MOVE – motion activated running lights

Todd Medema and Scott Martin at Fabricate.IO want to solve the problem of late night illumination. On late night trips across the house or while entering a dark house shelves were sometimes knocked over. Toes were stubbed and roommates were roused from their sleep by the lights being flipped on.

Their solution is MOVE Lighting – hallway runner lights that consist mainly of LED lighting strips, motion sensors and standard electrical connections. The lights are expected to run as part of a Kickstarter campaign in the next month, and as of this writing over 93,000 users have downloaded the instructions to build their own lights through the Instructables website.

An off-the-shelf Jameco photocell is the sensor that the team has specified for the lighting system, and a standard LED strip and power supply is recommended. Todd suggested that an enterprising engineer / hacker could easily convert the project to battery operation instead of requiring AC current.

MOVE lights are cool – they solve a problem that quite a few different teams are working on currently, with an easy elegant solution using easy to find components. This isn’t the only thing that Fabricate.IO has done, however. Their Instructables page is full of great ideas and projects for novice builders and experienced hackers alike.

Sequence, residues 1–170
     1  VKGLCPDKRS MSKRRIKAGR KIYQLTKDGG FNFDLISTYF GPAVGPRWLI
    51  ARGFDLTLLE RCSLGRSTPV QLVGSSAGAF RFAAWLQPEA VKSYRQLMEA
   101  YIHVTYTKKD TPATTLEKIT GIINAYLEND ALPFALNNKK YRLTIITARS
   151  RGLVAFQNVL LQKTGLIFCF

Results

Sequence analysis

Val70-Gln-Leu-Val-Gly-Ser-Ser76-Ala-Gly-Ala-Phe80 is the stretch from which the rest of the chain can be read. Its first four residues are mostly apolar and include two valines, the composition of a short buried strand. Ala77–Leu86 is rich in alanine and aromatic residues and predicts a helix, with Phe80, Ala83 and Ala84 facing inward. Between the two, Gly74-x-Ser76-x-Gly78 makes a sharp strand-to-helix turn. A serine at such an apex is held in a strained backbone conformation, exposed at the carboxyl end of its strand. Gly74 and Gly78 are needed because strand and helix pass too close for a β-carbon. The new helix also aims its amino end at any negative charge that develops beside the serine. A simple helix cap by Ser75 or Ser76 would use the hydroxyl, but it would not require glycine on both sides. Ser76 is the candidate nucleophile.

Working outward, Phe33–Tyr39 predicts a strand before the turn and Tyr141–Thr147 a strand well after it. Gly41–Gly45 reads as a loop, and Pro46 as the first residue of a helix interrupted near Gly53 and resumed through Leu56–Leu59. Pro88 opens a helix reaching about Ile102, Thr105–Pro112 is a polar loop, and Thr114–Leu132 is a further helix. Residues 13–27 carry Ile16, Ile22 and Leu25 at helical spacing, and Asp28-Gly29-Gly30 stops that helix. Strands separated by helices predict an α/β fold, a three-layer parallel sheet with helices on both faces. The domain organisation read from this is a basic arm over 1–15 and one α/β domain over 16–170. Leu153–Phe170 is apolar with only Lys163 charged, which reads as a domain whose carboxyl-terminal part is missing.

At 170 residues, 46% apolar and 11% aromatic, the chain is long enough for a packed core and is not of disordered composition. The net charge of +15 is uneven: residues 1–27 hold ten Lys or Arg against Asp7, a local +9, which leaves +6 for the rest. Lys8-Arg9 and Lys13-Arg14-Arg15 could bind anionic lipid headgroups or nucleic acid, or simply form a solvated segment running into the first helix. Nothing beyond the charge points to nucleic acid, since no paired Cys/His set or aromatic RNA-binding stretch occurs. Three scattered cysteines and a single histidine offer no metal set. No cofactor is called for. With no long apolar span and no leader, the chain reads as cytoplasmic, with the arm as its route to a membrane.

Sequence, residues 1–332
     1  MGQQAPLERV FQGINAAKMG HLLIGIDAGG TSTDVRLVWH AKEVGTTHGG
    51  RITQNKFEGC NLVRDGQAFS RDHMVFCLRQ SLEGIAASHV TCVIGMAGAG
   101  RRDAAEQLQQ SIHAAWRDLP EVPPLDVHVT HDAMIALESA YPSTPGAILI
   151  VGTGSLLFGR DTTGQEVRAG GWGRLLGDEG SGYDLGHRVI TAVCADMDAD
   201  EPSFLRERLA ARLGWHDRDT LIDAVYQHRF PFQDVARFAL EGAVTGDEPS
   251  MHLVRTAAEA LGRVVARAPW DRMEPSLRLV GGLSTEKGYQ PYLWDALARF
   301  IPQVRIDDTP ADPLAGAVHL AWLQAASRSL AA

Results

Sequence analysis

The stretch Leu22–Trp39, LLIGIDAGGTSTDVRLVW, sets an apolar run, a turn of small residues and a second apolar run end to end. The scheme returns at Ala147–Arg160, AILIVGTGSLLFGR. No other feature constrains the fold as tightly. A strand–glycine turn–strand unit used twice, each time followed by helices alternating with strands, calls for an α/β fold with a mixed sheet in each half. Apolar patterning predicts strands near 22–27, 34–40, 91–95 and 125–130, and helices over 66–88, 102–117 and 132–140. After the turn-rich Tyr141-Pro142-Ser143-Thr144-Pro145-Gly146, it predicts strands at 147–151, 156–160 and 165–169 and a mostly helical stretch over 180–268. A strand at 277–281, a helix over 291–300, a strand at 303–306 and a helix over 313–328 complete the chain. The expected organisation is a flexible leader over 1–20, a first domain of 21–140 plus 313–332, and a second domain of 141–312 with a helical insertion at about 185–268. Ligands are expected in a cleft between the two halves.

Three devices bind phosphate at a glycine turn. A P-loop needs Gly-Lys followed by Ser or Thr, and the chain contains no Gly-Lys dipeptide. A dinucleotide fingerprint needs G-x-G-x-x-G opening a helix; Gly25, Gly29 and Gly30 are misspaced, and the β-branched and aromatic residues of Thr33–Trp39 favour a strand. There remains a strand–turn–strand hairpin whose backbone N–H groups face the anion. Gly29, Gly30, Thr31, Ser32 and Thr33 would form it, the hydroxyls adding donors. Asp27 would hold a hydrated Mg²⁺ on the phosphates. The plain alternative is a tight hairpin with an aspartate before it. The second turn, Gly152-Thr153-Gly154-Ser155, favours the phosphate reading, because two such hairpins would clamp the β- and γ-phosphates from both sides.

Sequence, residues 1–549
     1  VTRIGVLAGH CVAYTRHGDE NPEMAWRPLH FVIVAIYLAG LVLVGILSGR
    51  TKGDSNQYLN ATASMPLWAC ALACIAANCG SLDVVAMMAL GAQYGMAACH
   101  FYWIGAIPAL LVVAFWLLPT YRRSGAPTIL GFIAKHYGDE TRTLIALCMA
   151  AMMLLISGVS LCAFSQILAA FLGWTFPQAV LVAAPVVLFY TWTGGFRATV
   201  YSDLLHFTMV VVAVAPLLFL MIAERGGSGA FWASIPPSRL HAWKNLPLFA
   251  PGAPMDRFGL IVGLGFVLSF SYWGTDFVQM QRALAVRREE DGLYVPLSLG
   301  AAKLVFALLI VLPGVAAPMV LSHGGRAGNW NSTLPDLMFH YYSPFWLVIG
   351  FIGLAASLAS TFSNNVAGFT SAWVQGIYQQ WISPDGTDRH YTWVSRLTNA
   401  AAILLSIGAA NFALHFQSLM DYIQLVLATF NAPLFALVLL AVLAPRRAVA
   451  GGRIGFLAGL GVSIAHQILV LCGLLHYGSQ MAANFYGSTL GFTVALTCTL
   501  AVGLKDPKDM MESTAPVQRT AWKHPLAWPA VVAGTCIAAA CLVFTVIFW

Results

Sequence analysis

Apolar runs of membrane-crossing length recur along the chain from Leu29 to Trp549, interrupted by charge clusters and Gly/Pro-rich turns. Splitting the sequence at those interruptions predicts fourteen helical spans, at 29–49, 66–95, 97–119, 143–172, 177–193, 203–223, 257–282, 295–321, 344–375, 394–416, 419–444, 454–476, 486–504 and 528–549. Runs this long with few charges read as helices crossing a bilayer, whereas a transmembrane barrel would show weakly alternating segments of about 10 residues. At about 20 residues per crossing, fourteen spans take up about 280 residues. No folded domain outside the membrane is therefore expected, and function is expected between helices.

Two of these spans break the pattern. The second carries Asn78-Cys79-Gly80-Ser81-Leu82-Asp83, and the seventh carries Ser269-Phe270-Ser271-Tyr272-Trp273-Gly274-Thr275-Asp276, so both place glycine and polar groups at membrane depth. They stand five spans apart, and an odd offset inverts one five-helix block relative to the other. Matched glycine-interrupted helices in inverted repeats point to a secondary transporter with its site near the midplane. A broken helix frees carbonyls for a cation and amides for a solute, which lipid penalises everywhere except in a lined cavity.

Low cost workbenches, gesture control devices for Python, electric bike conversion kits, and a levitating coffee table are some of the projects that are currently available on the Fabricate.IO page. I’m not brave enough to try the watermelon / shrimp pizza and my ears are one hundred percent against the DIY membrane bagpipes that I’m sure the kids would love to play for hours on end.

Todd and Scott are exactly the kind of makers we need to keep the engineering profession moving forward – they love building but also love spreading their projects and the joy of making to others. Based on the list of upcoming projects I’m excited to see the collapsible chair that turns into wall art, and expect someday soon to write a follow up article discussing their remote control, fire-breathing duckbot.